Obama really could do this, but then things get dicey:

Either the Senate would convene or it wouldn’t. If it didn’t convene, that would be a true constitutional crisis: one branch of the government denying the clear authority of another. (Of course, Republicans would say that Obama, the “imperial president,” started it – yet another way the party has come to resemble its putative presidential candidate.)

It would also be grounds for a Supreme Court case, filed by the White House, demanding that the Senate obey the president’s order. If the Court ruled in Obama’s favor and the Senate still didn’t convene, it would be disobeying both the executive and judicial branches of government – ironically, all the name of a pseudo-constitutional argument that “the people” only elected President Obama to a three-year second term.

Whatever electoral consequences Senate Republicans face now, they’d surely be punished fourfold for violating a direct order from the Supreme Court and the White House combined. It would make the Clinton Impeachment seem like a class in civics.

Ah, but then they’d do nothing:

As commentators have noted, the “speech and debate” clause of the Constitution makes it very hard to compel the Senate to do anything at all. Just as President Obama has wide discretion in calling them to convene, so the Senate leadership has wide discretion in deciding how to do its business.

Indeed, “nothing” is what happened in 1948; Republican Sen. Robert Taft simply blocked all votes from taking place. Perhaps the GOP would take a cue from House of Cards and issue a slow-motion “quorum call,” taking attendance for hours, or even days. Perhaps Ted Cruz would read Dr. Seuss again. Anything other than actually issue advice and (non-)consent on Obama’s nominee.

But that still would be quite a show…

But that’s just not going to happen, maybe:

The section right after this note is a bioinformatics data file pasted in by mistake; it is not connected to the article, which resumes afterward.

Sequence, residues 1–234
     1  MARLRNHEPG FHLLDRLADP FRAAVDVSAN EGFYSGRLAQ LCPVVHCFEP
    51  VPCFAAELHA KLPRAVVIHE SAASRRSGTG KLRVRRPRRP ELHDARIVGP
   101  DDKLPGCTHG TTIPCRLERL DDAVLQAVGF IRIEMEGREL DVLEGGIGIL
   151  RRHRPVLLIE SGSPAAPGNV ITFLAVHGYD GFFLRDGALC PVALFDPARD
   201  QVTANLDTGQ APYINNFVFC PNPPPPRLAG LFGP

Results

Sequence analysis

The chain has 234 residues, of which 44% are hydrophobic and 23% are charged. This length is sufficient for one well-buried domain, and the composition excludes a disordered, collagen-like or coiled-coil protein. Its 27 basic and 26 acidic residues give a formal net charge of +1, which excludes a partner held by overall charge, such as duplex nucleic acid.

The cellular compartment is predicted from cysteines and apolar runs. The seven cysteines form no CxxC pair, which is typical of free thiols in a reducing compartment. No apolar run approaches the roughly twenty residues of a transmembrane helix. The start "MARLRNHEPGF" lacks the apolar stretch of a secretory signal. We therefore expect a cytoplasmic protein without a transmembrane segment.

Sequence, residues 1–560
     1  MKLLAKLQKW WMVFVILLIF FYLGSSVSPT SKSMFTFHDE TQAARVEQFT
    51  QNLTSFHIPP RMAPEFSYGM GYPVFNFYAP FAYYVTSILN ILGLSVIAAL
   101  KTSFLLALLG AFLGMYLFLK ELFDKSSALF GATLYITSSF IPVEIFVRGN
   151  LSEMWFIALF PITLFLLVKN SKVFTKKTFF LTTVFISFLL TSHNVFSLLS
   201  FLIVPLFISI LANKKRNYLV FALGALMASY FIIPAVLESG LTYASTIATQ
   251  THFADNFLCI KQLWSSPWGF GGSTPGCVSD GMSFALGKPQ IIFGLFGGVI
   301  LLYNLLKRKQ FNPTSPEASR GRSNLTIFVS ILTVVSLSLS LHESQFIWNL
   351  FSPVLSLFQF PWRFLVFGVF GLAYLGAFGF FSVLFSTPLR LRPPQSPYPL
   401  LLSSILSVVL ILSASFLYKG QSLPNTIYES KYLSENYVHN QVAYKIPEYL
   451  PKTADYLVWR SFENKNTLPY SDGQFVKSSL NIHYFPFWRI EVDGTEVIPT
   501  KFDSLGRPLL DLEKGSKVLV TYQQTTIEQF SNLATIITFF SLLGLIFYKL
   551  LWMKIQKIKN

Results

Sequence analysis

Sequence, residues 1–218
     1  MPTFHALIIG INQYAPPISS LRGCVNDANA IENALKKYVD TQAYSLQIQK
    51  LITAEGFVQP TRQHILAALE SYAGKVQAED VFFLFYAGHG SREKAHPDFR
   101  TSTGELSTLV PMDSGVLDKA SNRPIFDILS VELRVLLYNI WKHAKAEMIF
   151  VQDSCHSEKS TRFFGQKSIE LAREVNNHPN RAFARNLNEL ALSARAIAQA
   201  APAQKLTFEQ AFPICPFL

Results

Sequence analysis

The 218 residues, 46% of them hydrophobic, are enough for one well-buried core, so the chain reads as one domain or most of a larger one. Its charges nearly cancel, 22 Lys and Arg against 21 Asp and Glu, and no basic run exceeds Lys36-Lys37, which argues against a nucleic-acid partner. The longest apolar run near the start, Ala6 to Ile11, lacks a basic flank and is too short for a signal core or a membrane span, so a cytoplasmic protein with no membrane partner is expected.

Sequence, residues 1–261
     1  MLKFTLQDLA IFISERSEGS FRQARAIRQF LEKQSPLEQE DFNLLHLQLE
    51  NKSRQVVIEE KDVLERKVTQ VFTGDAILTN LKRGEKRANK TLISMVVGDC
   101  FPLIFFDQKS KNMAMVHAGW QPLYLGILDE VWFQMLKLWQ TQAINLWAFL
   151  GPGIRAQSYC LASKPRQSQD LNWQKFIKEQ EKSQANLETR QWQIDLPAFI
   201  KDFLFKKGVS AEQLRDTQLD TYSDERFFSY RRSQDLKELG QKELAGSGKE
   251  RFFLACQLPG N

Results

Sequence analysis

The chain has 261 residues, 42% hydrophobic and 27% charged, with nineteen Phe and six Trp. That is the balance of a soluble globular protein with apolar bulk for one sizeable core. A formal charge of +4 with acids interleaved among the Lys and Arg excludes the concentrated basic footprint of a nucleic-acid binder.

Such a confrontational position might poison whatever appetite Senate Republicans have for a lame-duck confirmation. And there’s reason to believe that may be Obama’s strategy all along: nominate someone who eventually will look better than the alternative. Maybe this is just a waiting game.

If not, though, President Obama is not out of options. The Senate has the power to say no, over and over again. But the President has the power to make them do it.

That would, however, be mean. It’s best to let them look like fools all on their own:

Senate Minority Leader Harry Reid (D-Nev.) fired back Wednesday at what he suggested was unfounded criticism of Supreme Court Chief Justice John Roberts.

“I’m here to defend Chief Justice John Roberts. I’m here because he has been attacked without cause by the chairman of the Judiciary Committee,” Reid said from the Senate floor. “The senior senator from Iowa hit a new low in trying to justify his unprecedented obstruction of President Obama’s Supreme Court nomination.”

What, the Republican is attacking the quite conservative chief justice and the Democrat is defending him? That’s odd, but Reid was doing just that:

His comments come after Sen. Chuck Grassley (R-Iowa), the chairman of the Judiciary Committee, took a shot at the current justices – particularly Roberts.

Shortly before Justice Antonin Scalia’s death, Roberts suggested a partisan confirmation process is part of why Americans think justices are political or misunderstand how the court is different from other parts of government.

Grassley, however, said Roberts “would be well-served to address the reality, not the perception, that too often, there is little difference between the actions of the court and the actions of the political branches,” adding, “Physician, heal thyself.”

Roberts has come under fire from Republicans over decisions by the court upholding ObamaCare, leading conservatives to suggest his confirmation was a mistake. …

Grassley noted that many of his constituents believe Roberts “is part of the problem” and should avoid politics. He added that justices should “follow the law,” even on cases involving “hot-button” issues.

Grassley then explained that in a prepared statement:

The Chief Justice has it exactly backwards. The confirmation process doesn’t make the Justices appear political. The confirmation process has gotten political precisely because the court has drifted from the constitutional text, and rendered decisions based instead on policy preferences… In fact, many of my constituents believe, with all due respect, that the Chief Justice is part of this problem. …